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Cancer Res. 2003 May 15;63(10):2578-84.

Tumor classification based on gene expression profiling shows that uveal melanomas with and without monosomy 3 represent two distinct entities.

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Institut für Humangenetik, Universitätsklinikum Essen, 45122 Essen, Germany.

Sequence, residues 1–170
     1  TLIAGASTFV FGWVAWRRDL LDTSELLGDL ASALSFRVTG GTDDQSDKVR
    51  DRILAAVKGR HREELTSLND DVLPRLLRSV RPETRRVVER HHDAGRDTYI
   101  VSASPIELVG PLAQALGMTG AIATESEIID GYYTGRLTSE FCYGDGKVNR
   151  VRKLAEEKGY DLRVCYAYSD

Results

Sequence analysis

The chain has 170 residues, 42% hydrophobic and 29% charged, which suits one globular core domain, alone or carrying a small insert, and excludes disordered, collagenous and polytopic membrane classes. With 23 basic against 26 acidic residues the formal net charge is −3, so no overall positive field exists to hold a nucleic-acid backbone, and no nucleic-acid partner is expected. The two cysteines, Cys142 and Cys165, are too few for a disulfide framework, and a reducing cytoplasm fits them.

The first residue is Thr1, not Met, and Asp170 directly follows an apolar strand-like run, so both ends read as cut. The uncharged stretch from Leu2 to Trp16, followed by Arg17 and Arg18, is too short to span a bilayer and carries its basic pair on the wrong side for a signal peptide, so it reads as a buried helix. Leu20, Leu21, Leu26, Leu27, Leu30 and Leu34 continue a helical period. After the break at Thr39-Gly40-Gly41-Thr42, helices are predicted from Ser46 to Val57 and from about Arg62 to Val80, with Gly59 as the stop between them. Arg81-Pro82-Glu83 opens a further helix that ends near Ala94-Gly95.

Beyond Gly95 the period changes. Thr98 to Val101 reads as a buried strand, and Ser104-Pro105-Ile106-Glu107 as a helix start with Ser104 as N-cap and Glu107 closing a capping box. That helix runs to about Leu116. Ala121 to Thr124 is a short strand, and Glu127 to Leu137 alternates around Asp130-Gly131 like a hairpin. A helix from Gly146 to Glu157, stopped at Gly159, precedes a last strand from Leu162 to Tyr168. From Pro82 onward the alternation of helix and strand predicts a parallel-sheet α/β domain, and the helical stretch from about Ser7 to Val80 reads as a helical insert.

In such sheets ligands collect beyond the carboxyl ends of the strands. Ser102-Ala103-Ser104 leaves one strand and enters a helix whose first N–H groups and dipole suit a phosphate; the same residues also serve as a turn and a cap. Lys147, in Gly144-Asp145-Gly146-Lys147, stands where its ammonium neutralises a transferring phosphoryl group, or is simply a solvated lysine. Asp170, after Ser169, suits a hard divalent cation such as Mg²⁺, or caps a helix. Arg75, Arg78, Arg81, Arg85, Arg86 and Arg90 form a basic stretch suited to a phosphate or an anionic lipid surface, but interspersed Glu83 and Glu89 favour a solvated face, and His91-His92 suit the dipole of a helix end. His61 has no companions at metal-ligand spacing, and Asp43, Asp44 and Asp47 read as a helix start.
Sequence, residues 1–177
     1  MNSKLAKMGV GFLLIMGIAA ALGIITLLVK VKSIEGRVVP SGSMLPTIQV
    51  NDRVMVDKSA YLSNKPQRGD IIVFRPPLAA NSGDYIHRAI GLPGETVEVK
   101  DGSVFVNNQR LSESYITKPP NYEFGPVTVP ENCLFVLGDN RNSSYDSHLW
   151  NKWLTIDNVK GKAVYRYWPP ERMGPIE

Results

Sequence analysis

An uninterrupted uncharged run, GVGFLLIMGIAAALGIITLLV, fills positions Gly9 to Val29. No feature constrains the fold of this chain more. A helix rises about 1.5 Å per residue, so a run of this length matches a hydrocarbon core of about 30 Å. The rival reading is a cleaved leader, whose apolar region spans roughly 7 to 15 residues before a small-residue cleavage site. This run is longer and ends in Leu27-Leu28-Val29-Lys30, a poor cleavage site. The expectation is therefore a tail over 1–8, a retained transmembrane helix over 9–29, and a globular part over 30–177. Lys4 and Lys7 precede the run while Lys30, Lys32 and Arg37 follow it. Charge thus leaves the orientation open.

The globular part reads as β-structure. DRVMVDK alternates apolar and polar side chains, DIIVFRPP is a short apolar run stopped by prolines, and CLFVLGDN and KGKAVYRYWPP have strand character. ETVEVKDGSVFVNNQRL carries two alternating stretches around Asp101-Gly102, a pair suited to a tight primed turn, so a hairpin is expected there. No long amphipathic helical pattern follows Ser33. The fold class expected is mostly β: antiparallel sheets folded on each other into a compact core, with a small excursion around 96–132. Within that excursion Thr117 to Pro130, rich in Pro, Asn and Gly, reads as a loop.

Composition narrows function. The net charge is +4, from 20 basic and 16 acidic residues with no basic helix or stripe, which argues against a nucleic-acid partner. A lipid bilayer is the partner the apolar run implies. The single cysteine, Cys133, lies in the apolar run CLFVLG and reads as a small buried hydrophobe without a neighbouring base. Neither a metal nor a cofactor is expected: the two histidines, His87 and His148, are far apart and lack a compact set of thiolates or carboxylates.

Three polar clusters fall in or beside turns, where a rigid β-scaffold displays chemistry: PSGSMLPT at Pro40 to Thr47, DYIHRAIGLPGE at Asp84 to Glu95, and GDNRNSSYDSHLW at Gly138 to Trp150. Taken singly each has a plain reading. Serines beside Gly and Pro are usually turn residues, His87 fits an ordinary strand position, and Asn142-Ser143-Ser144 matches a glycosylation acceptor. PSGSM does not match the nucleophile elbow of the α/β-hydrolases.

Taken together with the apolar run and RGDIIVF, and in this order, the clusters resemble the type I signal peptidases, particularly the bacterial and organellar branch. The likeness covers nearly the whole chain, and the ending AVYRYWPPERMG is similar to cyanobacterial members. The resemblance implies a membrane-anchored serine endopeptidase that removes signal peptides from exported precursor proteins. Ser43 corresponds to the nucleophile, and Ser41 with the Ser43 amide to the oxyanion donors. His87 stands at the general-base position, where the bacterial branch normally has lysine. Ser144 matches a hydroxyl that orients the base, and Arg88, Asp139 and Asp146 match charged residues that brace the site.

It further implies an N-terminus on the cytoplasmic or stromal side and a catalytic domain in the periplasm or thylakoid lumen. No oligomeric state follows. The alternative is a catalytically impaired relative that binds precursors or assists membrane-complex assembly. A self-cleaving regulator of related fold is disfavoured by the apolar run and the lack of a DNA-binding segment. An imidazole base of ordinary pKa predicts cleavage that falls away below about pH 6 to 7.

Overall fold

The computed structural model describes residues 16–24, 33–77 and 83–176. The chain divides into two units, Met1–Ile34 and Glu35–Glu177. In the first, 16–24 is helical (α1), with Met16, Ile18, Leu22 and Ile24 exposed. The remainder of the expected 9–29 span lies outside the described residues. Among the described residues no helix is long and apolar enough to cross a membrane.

Uveal melanoma is the most common intraocular malignancy. About 50% of patients die of metastases, which almost exclusively originate from primary tumors that have lost one chromosome 3 (monosomy 3). To gain insight into the biological mechanisms that underlie the various metastasizing potential of uveal melanoma, we have determined gene expression levels in 20 primary tumors using oligonucleotide microarrays containing 12500 probe sets. The expression measurements of those 7902 genes that were expressed in more than 10% of tumors were analyzed using two different statistical approaches. We used a modified Wilcoxon rank-sum test to identify genes differentially expressed between tumors with and without monosomy 3. Seven genes showed complete loss of expression in tumors with monosomy 3 but were expressed in tumors with disomy 3. Two of them, CHL1 and fls485, are located within or close to the uveal melanoma susceptibility locus UVM2 at 3p25. However, mutation analysis of both genes in eight tumors with monosomy 3 did not reveal structural or epigenetic alteration. To identify tumor classes, we performed unsupervised hierarchical cluster analysis; this approach separated uveal melanomas into two groups. We found that this classification is strikingly robust because, when tested by "resampling," the same grouping is obtained from 47 of 50 subsamples of genes. In clusterings of the three remaining subsamples, the grouping of only one tumor does not conform with the original classification. Excluding this tumor, cluster analyses of subsamples containing as few as 300 randomly chosen genes consistently result in the same classification, thus indicating that the difference between the two tumor classes is pervasive. Interestingly, all of the tumors in one of the groups have disomy 3, whereas all of the others have monosomy 3. Our findings suggest that there are two distinct entities of uveal melanoma that were previously unrecognized because they are not obviously distinguishable by clinicopathological features.

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